(Love of wisdom is the guide of life)
What is Phi Beta Kappa?
Phi Beta Kappa is the nation's oldest and most prestigious academic honor society.
Since its founding on December 5, 1776, at the College of William and Mary in Virginia,
the society has supported the liberal ideal in education and recognized outstanding
academic achievement in the liberal arts and sciences.
Membership in Phi Beta Kappa is by election of the resident membership of a chapter. There are currently 276 chapters at colleges and universities throughout the United States (the Skidmore Chapter, Phi of New York, was installed in 1971). Although most new members are elected as undergraduates, chapters can also on occasion elect small numbers of deserving graduate students, alumni and distinguished scholars or statespersons.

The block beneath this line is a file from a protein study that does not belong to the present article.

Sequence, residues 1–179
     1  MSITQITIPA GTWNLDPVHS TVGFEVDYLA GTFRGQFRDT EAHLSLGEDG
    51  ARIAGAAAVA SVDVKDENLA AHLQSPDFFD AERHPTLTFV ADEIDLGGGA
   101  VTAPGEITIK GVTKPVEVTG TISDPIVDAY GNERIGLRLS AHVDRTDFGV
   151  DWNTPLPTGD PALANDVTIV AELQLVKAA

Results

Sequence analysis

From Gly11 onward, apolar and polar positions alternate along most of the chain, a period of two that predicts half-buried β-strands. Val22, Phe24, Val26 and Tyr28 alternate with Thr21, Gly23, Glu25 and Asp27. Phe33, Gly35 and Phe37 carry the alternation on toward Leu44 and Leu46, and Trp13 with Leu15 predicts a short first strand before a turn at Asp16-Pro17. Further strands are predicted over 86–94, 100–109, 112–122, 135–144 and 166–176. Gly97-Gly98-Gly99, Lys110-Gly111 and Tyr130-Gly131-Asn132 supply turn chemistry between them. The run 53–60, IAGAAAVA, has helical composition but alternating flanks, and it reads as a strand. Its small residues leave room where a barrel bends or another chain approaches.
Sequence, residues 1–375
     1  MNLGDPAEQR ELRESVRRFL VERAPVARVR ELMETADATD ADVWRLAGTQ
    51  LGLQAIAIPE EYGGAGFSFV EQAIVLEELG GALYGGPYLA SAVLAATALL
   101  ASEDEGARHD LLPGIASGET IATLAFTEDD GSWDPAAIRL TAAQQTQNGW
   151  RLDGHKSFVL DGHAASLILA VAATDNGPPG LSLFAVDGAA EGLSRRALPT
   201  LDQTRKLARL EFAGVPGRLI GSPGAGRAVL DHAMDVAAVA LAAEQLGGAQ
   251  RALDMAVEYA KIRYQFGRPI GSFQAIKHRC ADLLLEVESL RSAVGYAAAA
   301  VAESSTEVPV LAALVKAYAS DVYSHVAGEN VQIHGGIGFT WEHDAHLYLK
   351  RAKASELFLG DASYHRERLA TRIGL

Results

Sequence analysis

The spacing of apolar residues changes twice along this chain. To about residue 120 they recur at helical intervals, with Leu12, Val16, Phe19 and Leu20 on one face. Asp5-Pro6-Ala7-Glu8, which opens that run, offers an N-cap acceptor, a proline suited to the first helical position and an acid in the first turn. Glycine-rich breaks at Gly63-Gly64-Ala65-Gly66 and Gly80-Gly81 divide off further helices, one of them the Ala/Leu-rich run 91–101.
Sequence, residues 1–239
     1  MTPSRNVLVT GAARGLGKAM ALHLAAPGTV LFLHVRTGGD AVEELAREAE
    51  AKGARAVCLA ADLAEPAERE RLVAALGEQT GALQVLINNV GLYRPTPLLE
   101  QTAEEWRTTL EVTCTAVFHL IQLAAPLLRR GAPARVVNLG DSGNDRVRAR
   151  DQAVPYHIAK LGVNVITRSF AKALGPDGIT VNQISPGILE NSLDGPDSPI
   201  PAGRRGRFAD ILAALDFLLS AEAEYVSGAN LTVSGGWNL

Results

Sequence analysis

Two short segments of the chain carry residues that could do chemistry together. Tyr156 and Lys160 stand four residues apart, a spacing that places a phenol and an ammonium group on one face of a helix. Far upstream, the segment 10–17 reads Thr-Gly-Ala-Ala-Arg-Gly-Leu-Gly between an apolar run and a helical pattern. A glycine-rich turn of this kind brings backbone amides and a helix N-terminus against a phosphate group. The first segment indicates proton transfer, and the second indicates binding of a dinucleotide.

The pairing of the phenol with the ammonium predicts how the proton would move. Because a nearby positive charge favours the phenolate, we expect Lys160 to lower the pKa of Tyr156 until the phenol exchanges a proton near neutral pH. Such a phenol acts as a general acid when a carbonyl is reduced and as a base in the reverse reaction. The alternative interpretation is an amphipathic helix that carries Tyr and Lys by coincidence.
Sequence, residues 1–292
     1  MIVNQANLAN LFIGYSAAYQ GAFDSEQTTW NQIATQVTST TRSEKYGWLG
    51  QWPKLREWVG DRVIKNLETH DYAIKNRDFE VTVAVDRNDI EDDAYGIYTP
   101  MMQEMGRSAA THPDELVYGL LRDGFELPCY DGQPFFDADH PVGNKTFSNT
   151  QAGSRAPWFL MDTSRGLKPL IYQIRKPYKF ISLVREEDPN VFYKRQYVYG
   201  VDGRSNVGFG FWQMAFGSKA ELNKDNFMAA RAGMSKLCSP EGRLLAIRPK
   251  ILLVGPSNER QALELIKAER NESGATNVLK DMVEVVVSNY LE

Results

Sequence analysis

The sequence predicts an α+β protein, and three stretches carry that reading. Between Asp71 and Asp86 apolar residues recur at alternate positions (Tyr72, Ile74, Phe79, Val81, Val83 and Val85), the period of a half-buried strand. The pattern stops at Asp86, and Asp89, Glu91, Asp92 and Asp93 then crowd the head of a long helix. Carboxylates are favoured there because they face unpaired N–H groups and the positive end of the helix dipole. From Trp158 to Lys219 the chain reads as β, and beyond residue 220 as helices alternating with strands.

In addition to electing new members, chapters contribute to the academic life of their institutions by sponsoring lectures, exhibits, readings or other scholarly events. The national body, the Phi Beta Kappa Society, sponsors scholarships, a visiting lecture program and scholarly awards. It also publishes The American Scholar, a wide-ranging quarterly journal of the liberal arts and sciences. The society also publishes a quarterly newsletter called the Key Reporter, sent to all members for life as a privilege of membership.
Members of Phi Beta Kappa who are not campus-based can maintain their connection to the organization by joining one of more than 50 Phi Beta Kappa Associations, many based in metropolitan areas.
For more information, including a summary of PBK history and lists of chapters and associations, please visit the PBK Society website.